A culinary journey

It may sound a little odd to the modern generation, yet, utensils and kitchen accessories were among a new bride's friends when house keeping was a full time job and instant foods and take-aways were unheard of. As a novice in the kitchen, she grew up with them, and they, in turn, were mute witnesses to her escapades, burnt fingers and faux passes in the kitchen.

In times when a bride was valued much for her home-making skills, kitchen paraphernalia to equip her was part of her trousseau. Kitchenware formed a part of her wedding gifts too - a humble attempt by well wishers to pitch in and help set up her kitchen.

Likewise, my kitchen journey started amidst kitchenware, mainly stainless steel as was the practice with each utensil being assigned an identity, like 'the sambar pot,' 'the tea-brewing pot' and the ornamental ones unsuitable for cooking, turning into 'the chutney or salad bowls.' Daily, they reminded me of the aunt, neighbour, friend or cousin who gifted them as their names were etched on them.

As my family grew in size, its needs diversified, and technology offered more choices, my collection acquired new items even as many old ones got redundant, replaced or reallocated with different tasks. Lunch boxes and tiffin carriers found their way on the kitchen shelf as children started school. Trays, and serving bowls filled the shelves when guests poured in.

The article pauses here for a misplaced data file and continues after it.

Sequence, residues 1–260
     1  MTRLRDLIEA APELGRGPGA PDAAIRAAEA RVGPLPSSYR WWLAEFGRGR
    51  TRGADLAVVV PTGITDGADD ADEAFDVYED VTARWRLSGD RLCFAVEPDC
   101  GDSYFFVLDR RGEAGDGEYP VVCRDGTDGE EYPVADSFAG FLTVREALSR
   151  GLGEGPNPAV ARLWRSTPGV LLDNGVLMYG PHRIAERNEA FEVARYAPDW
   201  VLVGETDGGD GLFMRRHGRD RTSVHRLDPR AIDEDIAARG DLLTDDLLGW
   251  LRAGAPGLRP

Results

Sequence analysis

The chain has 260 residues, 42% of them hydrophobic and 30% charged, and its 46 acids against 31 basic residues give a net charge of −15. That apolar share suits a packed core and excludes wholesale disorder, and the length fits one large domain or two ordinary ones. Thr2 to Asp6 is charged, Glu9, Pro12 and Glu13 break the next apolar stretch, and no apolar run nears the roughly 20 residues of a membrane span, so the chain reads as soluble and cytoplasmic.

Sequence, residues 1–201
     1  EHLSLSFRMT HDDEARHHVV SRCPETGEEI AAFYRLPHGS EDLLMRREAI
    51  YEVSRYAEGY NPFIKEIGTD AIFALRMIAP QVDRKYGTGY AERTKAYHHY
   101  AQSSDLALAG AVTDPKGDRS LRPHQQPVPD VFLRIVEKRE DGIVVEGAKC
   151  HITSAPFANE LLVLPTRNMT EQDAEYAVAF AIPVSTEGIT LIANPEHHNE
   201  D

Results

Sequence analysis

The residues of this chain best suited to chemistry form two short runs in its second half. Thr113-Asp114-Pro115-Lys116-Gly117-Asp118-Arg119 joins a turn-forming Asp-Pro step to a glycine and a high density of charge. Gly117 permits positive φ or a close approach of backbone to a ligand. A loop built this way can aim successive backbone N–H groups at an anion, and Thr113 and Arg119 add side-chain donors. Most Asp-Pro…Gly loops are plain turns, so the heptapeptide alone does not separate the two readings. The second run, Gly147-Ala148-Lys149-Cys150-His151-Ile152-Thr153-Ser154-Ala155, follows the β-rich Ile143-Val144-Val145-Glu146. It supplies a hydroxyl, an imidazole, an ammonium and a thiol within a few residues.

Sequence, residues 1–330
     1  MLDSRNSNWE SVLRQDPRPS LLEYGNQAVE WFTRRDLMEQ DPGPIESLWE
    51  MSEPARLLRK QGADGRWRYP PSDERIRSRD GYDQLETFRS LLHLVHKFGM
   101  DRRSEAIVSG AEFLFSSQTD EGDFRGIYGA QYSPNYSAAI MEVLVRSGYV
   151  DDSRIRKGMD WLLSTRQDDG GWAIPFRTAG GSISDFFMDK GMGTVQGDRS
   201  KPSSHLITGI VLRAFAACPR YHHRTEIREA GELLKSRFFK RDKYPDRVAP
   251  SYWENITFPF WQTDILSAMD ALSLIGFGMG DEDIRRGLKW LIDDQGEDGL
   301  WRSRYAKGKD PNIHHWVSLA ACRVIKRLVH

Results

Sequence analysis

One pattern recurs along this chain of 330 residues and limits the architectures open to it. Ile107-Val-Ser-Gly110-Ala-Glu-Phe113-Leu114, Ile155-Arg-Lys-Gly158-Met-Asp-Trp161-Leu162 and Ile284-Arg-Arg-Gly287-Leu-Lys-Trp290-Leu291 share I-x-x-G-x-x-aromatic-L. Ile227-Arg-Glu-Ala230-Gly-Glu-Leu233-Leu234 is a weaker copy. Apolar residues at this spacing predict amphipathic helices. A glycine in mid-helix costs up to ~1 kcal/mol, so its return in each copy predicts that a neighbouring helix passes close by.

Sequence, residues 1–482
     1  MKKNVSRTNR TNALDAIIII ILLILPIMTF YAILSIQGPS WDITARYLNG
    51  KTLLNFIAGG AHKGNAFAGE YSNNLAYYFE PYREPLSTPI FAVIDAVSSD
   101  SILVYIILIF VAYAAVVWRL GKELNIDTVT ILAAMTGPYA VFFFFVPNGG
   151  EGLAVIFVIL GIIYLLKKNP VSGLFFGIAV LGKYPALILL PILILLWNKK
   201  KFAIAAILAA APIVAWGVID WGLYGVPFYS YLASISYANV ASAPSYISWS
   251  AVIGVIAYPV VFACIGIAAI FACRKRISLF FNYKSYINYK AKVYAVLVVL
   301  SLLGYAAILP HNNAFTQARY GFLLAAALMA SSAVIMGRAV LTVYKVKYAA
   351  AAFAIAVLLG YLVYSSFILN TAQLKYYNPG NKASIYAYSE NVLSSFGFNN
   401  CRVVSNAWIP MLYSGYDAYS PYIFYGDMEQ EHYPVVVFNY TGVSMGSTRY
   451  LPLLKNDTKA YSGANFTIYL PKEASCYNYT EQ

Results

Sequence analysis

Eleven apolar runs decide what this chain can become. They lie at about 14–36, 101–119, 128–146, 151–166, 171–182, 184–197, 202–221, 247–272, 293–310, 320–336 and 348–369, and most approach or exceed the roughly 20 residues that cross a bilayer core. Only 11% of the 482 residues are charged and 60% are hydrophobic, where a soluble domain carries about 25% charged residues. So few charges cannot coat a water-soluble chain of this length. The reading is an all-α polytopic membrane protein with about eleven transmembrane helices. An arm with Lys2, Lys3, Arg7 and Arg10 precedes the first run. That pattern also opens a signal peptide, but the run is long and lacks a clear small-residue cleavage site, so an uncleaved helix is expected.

My erstwhile chutney holders are just big enough containers for our leftovers, while my curry bowls are the mid morning tea brewing pots for my present three-generation family. The iron tavas and kadais have bowed out to their modern cousins, non-stick tavas and the copper bottoms. My kitchenware have been milestones in my long and never ending journey in the kitchen, their story marking the evolution of my family from its roots to the present one.

If I was awe-struck by the huge golden bowls, serving dishes, and cooking items of the British Royalty displayed in a London museum, my mother-in-law's spatula, worn out to the size of a dessert spoon due to turning of thousands of dosas for over half a century for her big brood of over a dozen (no exaggeration), and the big porcelain jar my mother used to stuff salted mangoes in, that now adorns my sister's drawing room, are no less exciting - though not for their cost but certainly for their charm and their accomplished owners.

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